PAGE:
1. Your guest’s behavior at the door dictates your dog’s early success. Sadly you must accept that you cannot control humans, especially family humans.
2. The high pitch greeting your sister/mother/cousin does at the dog as they enter the house does not help the dog stay calm on their mat.
3. It’s not a good idea to ONLY practice this skill when you have guests because no one wants to melt on your hot porch as you attempt to get your dog into a stay. You have to practice with family first then test it on your guests!
4. How often did you have people over during the worldwide pandemic? Probably not very many so don’t set too high expectations for the dogs or the humans.
5. FedEx and UPS playing ding-dong ditch with your doorbell is never helpful for our dog’s front door behavior! Your dog will now be on alert at the sound of their truck.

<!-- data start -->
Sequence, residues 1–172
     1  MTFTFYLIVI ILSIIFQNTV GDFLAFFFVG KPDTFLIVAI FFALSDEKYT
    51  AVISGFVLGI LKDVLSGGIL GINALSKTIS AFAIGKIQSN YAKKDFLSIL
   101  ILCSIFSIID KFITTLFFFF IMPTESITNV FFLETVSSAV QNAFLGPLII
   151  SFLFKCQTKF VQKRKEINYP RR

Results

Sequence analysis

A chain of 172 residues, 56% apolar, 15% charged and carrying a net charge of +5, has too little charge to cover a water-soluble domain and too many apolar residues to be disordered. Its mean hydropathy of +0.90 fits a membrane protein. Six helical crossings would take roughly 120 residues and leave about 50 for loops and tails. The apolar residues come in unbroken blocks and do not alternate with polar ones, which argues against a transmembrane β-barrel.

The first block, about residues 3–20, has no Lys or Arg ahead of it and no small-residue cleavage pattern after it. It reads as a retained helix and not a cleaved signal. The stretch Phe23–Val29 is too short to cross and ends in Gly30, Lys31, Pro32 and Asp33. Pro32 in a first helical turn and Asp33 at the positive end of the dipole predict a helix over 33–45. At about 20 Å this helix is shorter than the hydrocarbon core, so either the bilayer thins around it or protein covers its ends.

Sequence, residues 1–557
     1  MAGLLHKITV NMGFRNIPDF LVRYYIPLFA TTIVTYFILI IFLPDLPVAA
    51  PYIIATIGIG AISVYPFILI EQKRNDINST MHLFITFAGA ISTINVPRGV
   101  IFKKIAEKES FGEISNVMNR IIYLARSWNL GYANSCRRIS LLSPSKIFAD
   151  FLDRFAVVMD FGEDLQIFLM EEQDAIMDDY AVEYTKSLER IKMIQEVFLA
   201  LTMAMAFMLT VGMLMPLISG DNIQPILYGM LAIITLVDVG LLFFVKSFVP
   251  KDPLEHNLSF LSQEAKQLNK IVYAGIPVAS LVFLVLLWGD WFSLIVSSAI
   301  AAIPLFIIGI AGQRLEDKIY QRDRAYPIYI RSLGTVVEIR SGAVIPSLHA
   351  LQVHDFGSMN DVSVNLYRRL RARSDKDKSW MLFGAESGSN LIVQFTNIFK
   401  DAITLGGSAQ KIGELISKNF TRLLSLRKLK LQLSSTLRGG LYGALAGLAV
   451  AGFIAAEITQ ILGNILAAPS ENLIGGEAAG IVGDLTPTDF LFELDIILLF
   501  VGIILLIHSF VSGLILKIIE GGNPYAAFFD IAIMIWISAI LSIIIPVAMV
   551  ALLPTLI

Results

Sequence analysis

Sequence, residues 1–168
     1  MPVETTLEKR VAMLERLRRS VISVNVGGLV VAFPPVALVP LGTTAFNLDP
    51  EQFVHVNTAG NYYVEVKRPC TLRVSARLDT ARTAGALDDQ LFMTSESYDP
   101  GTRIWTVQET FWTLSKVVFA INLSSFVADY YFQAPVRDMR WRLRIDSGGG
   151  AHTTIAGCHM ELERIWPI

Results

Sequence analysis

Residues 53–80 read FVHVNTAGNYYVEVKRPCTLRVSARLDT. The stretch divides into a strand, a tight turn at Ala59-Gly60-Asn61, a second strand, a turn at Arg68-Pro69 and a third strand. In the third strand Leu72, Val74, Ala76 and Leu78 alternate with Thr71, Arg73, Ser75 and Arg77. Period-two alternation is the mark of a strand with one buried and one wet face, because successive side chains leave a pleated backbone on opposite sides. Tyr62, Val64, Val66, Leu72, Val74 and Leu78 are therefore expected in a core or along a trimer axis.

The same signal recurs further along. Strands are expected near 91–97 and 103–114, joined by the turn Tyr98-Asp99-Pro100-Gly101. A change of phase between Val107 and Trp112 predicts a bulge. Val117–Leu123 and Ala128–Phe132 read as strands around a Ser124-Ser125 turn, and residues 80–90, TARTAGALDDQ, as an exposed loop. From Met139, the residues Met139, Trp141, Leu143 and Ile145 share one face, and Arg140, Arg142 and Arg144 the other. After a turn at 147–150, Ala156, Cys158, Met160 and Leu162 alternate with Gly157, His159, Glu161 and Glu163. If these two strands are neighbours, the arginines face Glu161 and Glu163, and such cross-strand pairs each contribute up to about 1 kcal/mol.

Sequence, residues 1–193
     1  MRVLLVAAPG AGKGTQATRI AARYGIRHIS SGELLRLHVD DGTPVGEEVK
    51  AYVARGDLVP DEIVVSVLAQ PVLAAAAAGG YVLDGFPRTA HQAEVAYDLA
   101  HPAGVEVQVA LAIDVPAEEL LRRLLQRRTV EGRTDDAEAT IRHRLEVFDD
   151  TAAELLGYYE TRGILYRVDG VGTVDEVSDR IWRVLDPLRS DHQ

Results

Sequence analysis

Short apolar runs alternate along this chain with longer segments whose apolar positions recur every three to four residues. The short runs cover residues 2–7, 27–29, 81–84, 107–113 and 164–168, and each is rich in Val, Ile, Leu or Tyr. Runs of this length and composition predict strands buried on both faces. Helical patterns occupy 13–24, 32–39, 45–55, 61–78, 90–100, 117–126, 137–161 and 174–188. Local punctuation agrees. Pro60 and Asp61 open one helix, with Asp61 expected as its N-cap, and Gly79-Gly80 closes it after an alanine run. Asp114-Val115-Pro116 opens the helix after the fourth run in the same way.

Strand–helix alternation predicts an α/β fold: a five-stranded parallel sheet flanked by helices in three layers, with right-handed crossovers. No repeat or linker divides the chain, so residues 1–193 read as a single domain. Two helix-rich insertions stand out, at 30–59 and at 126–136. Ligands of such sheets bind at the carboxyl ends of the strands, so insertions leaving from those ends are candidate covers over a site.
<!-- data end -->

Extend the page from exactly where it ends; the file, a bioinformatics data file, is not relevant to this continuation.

6. Allowing your dog to watch out front windows and bark at the “scary” territorial threat-a-doodles walking on the sidewalk every day will definitely make the front door behavior worse.
7. Why are the neighborhood squirrels always having a party on my front porch when I open the door? My elbow and shoulder doctor want an answer!
8. Coincidently… maybe not…. the nosey neighbor always opens their door right as we pass startling both me and my dog, of course making her bark. Now we are both on edge anticipating it.
9. It takes years to work on this skill and ultimately the only dogs that don’t care about the front door are the old seniors that can’t hear and don’t care about getting up anyway. So by the time I finally get it trained with guests – my dog is too old to care!
10. Old dogs rule!